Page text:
Solution 3: The Nuclear Option - Stick Replacement
What You’ll Need:
- A replacement analogue stick procured from the internet
- A small Phillips (crosshead) screwdriver
- A small Tri-wing (‘Y’-shaped) screwdriver
- A plastic shiv to help pry apart the casing without marking it (a guitar pick works well)
- A small pair of tweezers
- A receptacle to keep the tiny screws safe while you work
The next best solution is to replace the malfunctioning stick entirely. There are a great many alternatives available from outlets across the internet, including eBay and Amazon. The component should set you back around £5 and they usually come with all the tools you’ll need to operate on your beloved Joy-Con, so check what’s included.
There will likely be minor cosmetic differences between the stick unit you receive and the stock one you’re removing – markings on the metal casing, for example (even Nintendo's own stock varies). Of course, we haven’t been able to test all variants, but the ones we’ve used look cosmetically identical to the originals once the casing is reassembled, and quality-wise they seem indistinguishable. It’s worth bearing in mind that the workmanship of the ‘official’ product is the reason we’re here in the first place!
If you’ve got the necessary tools, clear some desk space and put on some nice relaxing music. Let’s begin…
1. Using the Tri-wing screwdriver, carefully remove the four black screws on the rear side of your Joy-Con. Be sure you have the screwdriver ‘seated’ correctly before turning anti-clockwise – stripping the head of the screw will make getting the back off a whole lot more difficult.
2. Once the screws are removed, slide the plastic shiv or chosen alternative down the seam between the two halves of the case to separate them. With a little encouragement, the two halves will come apart, but DON’T PULL THEM COMPLETELY APART. Separate them carefully.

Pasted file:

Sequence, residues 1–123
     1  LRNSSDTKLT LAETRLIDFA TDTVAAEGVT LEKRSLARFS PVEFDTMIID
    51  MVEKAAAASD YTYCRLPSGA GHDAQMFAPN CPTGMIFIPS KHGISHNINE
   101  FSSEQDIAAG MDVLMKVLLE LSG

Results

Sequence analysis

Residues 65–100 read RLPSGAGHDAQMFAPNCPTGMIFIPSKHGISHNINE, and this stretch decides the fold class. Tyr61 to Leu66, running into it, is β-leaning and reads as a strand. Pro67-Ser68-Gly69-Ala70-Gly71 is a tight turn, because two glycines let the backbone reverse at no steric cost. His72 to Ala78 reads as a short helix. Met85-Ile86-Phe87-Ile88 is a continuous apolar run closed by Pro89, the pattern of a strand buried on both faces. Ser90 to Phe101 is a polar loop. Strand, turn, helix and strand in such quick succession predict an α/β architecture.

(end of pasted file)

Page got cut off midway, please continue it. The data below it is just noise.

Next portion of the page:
3. Two ribbons connect the main board to the black spine/rail with the lights – these needn’t be removed so turn your attention to the battery. Slide the shiv underneath and lever the battery pack away from its housing, taking care not to penetrate the battery. There may be a small amount of sticky-tape holding it in place, but it shouldn’t give too much resistance. Again, DON’T JUST YANK THE BATTERY! Pull it away gently, leaving it connected to the board beneath.
4. Now you can see the battery housing and five screws securing it (there’s one hiding down by the white HD rumble motor at the bottom). Using the Phillips screwdriver, you need only remove the three screws indicated in the photo (the other two secure the circuit board to the case).
5. With the three screws removed, GENTLY pull the battery housing away. Again, it’s connected by a ribbon which you needn’t disconnect. Don’t worry if the ‘L’ button pops out – just keep an eye on the tiny spring that’s attached to it, and keep it safe.
6. You can now see the back of the analogue stick (the big silver square). The ribbon running out of it must be detached from the circuit board, so take your tweezers and VERY GENTLY lift the black clasp FROM THE BOTTOM. It should pop up easily and you can now use the tweezers to carefully pull the ribbon out.
7. Two screws on opposite corners hold the stick in place. Unfortunately, the top one is covered by the ribbon powering the ‘-‘ and ‘L’ buttons, so this must also be disconnected. This ribbon clasp is grey and approached from the top rather than the bottom, but it’s otherwise identical to the last. CAREFULLY use tweezers to open it and slide the ribbon out. Now you can access the screws holding the stick in place – remove them.
8. The stick should wiggle free with some encouragement – there’s a black tape surrounding the hole which the rubber head might catch on but extricate the unit carefully until it’s free.
Now, armed with your replacement, it’s time to do everything in reverse! So…
9. Put the replacement stick in its place and screw it in.
10. Reconnect the two ribbons. This can be awkward – use the tweezers and CAREFULLY manipulate the ribbon into the holders, applying a little pressure to make sure they’re ‘in’. The ribbons are relatively durable unless you slice or squeeze them – patience is the key. Once they’re in place, push the clamps down GENTLY to secure them.
11. If the ‘L’ button came loose, put it back in place (with the spring), then rest the battery housing in its position. BE CAREFUL not to crush the ribbon that’s attached to it (the ‘ZL’ one) – there’s space for it to come through, so make sure it’s in place before securing the housing with the three screws.
12. Put the battery pack back in and press down gently. Test all the buttons – pressing any of them (except clicking the stick) should cause the lights on the rail to cycle.
13. Carefully align the casing again, screw in the four tri-wing screws and voila! Your Joy-Con has a clean bill of health.
And breathe. That wasn’t so bad, was it?
That is by far the simplest way to get your Joy-Con analogue stick working if it’s out of warranty. If, however, you don’t like the idea of replacing Nintendo-approved parts with non-official components, there is another option, although we don’t recommend it. If you’re adamant, though, read on…